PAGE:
Start your child's new routine a few weeks before your baby is due. Have helpers begin coming to the house, or start her at a new day care program or school.

Begin arranging time for your child to spend alone with grandparents, caregivers, and your partner, so others can tend to her needs while you care for the baby.

Sit for a friend or relative's baby a few times before the birth of your new child, to get her used to having a baby around.


Do not blame the baby for big changes that disrupt your older child's life. If you can't go outside because of the baby's naptime, or if your child has to stay quiet because the baby is sleeping, don't always point out that it's the baby's fault; by doing so, you risk giving your child reasons to resent the baby.

Allow your older child new privileges, such as a later bed time or extended playtime hours.

Let your child overhear you talking about what a great older sibling she is.

Do not try to make your child stay quiet while the baby sleeps. Your baby will adapt to the noise, and your older child's life will be less disrupted.

If you find yourself in the middle of an activity with your older child when your baby begins crying, wait a minute or two before responding to show the importance of what you two have been doing and that your connection to your older child remains strong.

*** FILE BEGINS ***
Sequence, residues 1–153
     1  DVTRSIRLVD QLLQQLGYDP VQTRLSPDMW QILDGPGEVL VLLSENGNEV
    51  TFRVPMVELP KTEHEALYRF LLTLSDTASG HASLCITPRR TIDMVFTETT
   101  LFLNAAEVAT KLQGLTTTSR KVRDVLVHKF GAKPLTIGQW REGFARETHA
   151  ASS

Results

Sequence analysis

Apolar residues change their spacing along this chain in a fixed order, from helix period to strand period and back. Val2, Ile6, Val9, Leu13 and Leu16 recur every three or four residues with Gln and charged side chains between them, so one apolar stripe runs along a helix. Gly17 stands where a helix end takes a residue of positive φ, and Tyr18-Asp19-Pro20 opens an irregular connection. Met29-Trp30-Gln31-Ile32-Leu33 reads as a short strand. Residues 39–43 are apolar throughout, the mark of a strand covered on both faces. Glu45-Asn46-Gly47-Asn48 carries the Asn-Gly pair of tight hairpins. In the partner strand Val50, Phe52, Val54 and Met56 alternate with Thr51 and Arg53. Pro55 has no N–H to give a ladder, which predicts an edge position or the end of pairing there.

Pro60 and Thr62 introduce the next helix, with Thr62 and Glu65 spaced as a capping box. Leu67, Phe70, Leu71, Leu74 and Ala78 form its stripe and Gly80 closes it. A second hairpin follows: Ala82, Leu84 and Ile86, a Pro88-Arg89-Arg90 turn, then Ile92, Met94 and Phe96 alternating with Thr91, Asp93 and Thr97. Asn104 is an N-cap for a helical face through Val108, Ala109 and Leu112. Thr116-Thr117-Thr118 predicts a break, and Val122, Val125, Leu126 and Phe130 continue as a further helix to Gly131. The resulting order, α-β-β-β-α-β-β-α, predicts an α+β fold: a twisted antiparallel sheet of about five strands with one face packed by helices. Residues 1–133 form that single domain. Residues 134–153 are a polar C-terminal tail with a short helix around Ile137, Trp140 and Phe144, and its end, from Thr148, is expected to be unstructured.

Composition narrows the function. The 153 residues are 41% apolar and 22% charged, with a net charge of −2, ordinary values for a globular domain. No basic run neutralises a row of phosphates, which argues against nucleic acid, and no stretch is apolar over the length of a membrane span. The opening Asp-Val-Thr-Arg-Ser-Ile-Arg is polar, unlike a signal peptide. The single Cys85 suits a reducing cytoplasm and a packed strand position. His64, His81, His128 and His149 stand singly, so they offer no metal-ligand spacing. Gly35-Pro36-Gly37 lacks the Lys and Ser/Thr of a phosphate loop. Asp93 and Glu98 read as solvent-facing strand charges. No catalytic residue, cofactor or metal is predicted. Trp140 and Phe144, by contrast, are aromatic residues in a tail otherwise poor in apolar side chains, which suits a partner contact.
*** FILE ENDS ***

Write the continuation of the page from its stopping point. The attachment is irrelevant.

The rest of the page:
If your child and the baby do not share a room, tell your older child that her room will be off-limits to the baby, and ask her to keep her toys with small parts there. Offer to get a gate to keep the baby out. This way your child does not have to keep her door closed all the time and feel isolated in the process.

Of course, this is only the beginning of the ongoing sibling contention. My husband, an only child, asked me the other day when I thought that Kyle and Brooks (now 13 and 11) would stop fighting with each other.

"Gee," I said, "I don't even think that they fight all that much. I have seen much worse." He responded, "You have got to be kidding! Seriously, when will this end?" I reflected and reassured him that at least by their early 30's! But that of course, is the topic of a whole other article!

Stacy DeBroff is a dynamic national speaker, consultant, corporate spokesperson, and writer. Stacy is President and founder of Mom Central, Inc. Stacy has also written several best-selling books on household and family organization including The Mom Book Goes to School, The Mom Book: 4,278 Tips for Moms, Sign Me Up!

The Parent's Complete Guide to Sports, Activities, and Extracurriculars, and Mom Central: The Ultimate Family Organizer. Stacy has appeared on network television including NBC's Today Show and the CBS Early Show. Stacy holds a B.A. in Psychology and Comparative Literature from Brown University, magna cum laude and Phi Beta Kappa; and a J.D. from Georgetown University, magna cum laude. Prior to launching Mom Central, Inc., Stacy founded Harvard Law School's Office of Public Interest Advising, which still serves as a model for law schools across the nation. Stacy lives with her husband, Ron, and their two children, 12-year-old Kyle and 11-year-old Brooks, outside of Boston, Massachusetts. Visit Stacy at

(c) Mom Central, Inc. 2006.